Law Enforcement DegreePeople rely on law enforcement officials to protect their communities and respond promptly to life and death emergencies. Working in law enforcement can be dangerous, but most people pursuing law enforcement careers have a strong desire to assist people in distress and prevent criminals from harming others - even at their own peril.
Those interested in municipal police officer jobs are usually required to complete a short training program, in addition to intense physical fitness training. Many police departments also require police officers who've completed the necessary training to undergo a short probationary period to determine whether they're up to the job. Those interested in working for the FBI or other federal police agencies, working as a detective, or working in a supervisory or management position with a law enforcement agency should earn a master's degree in public administration, criminal justice, computer science, forensic science, psychology or other applicable discipline. In many cases, police agencies will pay the tuition for law enforcement officers obtaining additional education.
The good news is that while the demand for educated law enforcement professionals is increasing, so is the number of available job opportunities for those who are willing to get the right education. In fact, for specialized fields of law enforcement, such as computer forensics, forensic accounting, psychology, and foreign languages, there are more positions that need to be filled than there are qualified job applicants.
Earning a degree in law enforcement or criminal justice not only qualifies job seekers for a larger breadth of career opportunities, it will provide them with the education, training and experience they'll need to be successful in a rapidly changing and ever evolving law enforcement environment. Students who pursue a college degree will learn about all aspects of the criminal justice system and acquire highly specialized skills and knowledge required to perform their duties.
Some of the more common topics covered in a law enforcement associate degree program include policing, introduction to criminal law, the courts, firearms, law enforcement management, crisis control, and juvenile delinquency.
If after completing an associate's degree a student decides not to pursue training at a police academy, they have several options. An associate's degree in law enforcement qualifies students for various entry-level positions in law enforcement and criminal justice. It's also a great stepping stone into a four year bachelor's degree program. If you think you might be interested in transferring to a four year college upon graduation to pursue a bachelor's degree, make sure to earn your associate degree from a community college or vocational school that is regionally accredited. Only credits earned at regionally accredited institutions are tranferrable to a four year college or university.
A bachelor's degree in law enforcement is similar to an associate degree in the material it covers. It does, however, offer much more depth and detail than an associate degree. Most bachelor degree programs have a general, core and elective education component. General education courses typically include math, science, English and business communication. General education courses are intended to provide students with a well rounded education as well as the fundamental skills and knowledge required to attack more advanced coursework.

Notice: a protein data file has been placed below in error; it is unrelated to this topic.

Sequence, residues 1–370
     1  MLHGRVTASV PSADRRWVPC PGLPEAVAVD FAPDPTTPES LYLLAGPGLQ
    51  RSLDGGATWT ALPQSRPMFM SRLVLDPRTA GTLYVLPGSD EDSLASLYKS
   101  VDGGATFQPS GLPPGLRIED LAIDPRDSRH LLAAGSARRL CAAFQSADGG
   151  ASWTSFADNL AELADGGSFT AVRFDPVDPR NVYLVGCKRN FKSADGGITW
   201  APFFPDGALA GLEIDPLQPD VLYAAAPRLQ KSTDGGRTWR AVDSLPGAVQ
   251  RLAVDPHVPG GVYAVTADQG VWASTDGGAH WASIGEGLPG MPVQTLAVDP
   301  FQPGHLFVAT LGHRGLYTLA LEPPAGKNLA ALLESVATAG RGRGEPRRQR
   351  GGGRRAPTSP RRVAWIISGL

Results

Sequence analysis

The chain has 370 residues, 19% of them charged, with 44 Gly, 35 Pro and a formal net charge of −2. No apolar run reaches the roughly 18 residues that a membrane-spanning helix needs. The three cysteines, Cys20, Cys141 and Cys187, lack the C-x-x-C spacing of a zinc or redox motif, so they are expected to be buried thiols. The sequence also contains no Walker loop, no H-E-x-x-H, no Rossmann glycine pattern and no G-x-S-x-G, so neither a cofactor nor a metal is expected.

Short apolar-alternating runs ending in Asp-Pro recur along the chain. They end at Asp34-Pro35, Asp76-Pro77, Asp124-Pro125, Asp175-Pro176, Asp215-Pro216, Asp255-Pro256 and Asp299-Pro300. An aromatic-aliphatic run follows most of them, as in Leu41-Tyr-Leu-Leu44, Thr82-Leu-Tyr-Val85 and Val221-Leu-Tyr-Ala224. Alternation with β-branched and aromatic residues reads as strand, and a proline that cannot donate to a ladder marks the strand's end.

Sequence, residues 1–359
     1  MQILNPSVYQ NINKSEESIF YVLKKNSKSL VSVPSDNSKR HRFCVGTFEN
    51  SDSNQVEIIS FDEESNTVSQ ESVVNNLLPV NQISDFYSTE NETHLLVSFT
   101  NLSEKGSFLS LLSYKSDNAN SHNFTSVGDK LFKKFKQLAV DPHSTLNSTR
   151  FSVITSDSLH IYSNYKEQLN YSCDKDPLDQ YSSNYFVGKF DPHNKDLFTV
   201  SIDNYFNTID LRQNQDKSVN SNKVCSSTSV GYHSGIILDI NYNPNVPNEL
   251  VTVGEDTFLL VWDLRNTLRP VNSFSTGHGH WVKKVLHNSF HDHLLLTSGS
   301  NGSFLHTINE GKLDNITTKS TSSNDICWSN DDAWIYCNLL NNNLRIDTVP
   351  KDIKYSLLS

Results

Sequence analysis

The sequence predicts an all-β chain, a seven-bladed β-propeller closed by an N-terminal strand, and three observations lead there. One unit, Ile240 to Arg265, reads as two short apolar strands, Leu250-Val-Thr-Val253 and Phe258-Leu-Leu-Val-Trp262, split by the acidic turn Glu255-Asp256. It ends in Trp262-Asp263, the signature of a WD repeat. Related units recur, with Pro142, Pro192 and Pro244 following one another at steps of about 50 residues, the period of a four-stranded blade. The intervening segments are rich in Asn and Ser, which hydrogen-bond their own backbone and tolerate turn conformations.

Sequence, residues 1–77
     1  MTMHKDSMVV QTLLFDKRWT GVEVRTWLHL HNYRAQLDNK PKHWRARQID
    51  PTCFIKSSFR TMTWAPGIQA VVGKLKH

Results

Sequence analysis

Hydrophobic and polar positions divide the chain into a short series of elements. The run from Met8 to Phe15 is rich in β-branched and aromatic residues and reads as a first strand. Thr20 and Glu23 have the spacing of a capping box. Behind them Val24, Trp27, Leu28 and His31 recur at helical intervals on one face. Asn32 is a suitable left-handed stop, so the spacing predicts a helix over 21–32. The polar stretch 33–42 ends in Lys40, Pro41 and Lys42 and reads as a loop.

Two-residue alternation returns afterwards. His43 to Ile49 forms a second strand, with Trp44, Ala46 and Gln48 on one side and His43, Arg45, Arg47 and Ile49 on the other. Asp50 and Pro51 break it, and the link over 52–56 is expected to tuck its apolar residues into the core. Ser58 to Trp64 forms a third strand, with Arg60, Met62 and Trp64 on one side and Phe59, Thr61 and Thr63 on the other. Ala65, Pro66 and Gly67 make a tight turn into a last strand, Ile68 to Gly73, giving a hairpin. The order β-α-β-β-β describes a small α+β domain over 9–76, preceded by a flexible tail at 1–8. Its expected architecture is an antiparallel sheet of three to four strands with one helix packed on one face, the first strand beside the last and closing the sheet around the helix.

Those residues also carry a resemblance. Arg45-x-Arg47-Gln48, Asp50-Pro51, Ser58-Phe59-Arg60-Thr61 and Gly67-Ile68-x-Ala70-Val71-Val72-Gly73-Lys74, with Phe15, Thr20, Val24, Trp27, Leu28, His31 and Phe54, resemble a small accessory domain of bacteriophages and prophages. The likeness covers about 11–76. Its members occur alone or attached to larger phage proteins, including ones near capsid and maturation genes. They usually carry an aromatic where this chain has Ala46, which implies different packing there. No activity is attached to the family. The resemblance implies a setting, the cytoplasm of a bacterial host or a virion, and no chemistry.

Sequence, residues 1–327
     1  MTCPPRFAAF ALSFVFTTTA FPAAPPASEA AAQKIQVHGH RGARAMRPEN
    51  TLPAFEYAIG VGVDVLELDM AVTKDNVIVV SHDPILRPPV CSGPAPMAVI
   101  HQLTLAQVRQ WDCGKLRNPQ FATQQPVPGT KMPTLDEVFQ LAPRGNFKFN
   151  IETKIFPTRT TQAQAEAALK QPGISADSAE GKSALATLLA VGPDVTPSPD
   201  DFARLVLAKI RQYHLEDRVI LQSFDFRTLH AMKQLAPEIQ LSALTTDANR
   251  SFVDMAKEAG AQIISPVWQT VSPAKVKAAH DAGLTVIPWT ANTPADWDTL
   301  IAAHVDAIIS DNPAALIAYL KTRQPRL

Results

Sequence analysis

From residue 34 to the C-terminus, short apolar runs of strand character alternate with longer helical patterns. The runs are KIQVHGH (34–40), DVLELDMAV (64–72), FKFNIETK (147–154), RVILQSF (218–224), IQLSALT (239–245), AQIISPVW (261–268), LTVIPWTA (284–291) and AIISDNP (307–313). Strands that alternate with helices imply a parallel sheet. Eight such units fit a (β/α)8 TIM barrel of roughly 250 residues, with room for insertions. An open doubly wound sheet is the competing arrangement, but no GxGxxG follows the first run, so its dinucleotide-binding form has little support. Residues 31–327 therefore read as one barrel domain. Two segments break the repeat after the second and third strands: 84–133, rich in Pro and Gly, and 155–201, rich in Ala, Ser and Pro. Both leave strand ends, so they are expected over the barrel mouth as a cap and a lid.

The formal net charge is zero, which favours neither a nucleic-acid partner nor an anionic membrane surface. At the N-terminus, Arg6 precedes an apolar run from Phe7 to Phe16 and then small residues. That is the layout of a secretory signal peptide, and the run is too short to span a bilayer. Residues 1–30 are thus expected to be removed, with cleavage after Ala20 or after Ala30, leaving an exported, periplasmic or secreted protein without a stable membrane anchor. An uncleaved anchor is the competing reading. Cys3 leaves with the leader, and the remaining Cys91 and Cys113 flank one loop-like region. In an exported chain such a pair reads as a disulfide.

A bachelor's degree in law enforcement and criminal justice from a reputable college or university will introduce students to the latest criminal investigation and police technology, and the most current law enforcement procedures and advancements in criminal investigation and aprehension.
It usually takes four years of full time study to complete a bachelor's degree in law enforcement, but some schools offers accelerated programs that can be completed in at little as 3 years. For those who've earned an associate degree from an accredited community colleges, a bachelor's degree only requires two more years of schooling.
- Increased Marketability
A master's degree uniquely qualifies candidates for a myriad of career positions and opportunities not available to bachelor's and associate degree holders. In fact, many federal law enforcement positions require a master's degree. Master's degrees in computer science, accounting, criminal justice, forensics, business and psychology are the minimum entry-level requirement for various specialized law enforcement positions.
- Enhanced Skills and Knowledge
A master's degree helps students develop more specialized skills and knowledge that will help them excel in their chosen field of law enforcement. Forensic examiners, forensic technicians, cybersecurity analysts, crime scene investigators, laboratory technicians and law enforcement managers typically have a master's degree or higher.
- Prerequite Education
A growing number of specialized law enforcement positions require a master's level education or higher. Obtaining a position with the CIA, FBI, DEA or U.S. immigration service typically requires a master's degree in a specialized law enforcement discipline, or a specialized skill set.
Distance learning programs are available in fully online environment or via a hybrid format. Where online degree programs are fully online, hybrid programs combine online education with campus-based learning. Hybrid programs are popular among students who want to have a traditional college experience complimented by the ability to complete certain courses remotely via the Internet.
Law Enforcement Degree Programs
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